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Fiji University Unveils Face of Ancient Fiji Woman

Pacific islanders in Fiji's capital, Suva, have been given their first realistic glimpse of how one of their ancestors might have looked.

Scientists from the University of the South Pacific Thursday unveiled the reconstructed face of a woman who lived on the island 3,000 years ago.

Researchers say the woman's features are similar to those of the Lapita people, who moved down through Southeast Asia and Melanesia thousands of years ago.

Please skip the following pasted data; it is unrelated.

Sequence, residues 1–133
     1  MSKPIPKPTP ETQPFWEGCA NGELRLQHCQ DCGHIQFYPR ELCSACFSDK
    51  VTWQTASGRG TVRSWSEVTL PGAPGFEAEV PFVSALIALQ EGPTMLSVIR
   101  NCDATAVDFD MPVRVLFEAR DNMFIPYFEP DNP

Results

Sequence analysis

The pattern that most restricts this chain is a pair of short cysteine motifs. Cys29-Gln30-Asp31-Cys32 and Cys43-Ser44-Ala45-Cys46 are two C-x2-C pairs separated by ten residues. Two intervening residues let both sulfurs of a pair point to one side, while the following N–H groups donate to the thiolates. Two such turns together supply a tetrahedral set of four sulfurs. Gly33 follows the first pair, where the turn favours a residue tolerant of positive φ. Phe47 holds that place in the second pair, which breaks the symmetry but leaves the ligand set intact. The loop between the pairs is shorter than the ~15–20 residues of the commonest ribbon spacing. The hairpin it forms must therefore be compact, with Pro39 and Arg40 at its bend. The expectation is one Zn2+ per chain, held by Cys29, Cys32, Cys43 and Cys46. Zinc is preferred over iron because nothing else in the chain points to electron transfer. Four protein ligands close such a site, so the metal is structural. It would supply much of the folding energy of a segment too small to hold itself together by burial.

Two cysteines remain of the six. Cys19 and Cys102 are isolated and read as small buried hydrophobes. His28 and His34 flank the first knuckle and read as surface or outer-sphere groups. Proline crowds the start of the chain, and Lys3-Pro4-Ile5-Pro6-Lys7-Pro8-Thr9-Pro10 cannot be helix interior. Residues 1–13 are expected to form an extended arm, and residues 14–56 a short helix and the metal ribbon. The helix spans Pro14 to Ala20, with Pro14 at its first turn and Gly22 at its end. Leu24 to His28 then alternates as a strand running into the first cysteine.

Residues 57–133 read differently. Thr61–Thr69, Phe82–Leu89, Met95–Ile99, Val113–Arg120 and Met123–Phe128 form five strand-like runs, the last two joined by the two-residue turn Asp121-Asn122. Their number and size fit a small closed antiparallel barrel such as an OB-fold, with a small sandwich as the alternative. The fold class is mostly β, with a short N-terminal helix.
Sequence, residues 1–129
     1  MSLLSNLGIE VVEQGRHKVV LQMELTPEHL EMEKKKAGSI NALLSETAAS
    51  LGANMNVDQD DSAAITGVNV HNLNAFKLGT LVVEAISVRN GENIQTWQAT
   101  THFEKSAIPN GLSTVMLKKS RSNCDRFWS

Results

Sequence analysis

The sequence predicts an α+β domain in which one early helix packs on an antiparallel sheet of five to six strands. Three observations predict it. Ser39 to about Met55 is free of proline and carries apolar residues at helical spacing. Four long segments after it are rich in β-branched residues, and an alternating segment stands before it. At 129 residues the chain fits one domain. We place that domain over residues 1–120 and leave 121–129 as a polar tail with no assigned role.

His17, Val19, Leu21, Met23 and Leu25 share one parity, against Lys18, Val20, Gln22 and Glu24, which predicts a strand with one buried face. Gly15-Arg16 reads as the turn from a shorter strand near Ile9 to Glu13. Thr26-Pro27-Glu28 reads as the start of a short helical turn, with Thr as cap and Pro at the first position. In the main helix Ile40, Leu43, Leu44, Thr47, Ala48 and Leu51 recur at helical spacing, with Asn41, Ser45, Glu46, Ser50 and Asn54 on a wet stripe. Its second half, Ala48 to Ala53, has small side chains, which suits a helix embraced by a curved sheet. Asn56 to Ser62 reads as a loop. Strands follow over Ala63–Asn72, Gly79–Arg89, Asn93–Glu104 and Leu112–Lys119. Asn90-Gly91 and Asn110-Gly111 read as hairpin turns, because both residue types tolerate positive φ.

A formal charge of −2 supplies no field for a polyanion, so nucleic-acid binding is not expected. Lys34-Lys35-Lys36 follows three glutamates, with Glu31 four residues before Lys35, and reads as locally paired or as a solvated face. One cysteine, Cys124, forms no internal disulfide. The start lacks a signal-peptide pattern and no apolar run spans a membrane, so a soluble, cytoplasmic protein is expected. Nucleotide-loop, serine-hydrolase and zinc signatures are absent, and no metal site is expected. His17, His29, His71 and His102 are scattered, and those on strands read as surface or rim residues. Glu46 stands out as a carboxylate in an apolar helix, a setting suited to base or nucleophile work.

The face was reconstructed by researchers in Japan from a well-preserved skeleton found in the tiny settlement of Naitabale, on the island of Moturiki, just east of Fiji's main island of Viti Levu, in 2002.

Scientists say the ancient woman, whom they named Mana, was about 164 centimeters tall, with the skeletal structure of someone with strong, well-developed muscles.

Some information for this report provided by AFP and Reuters.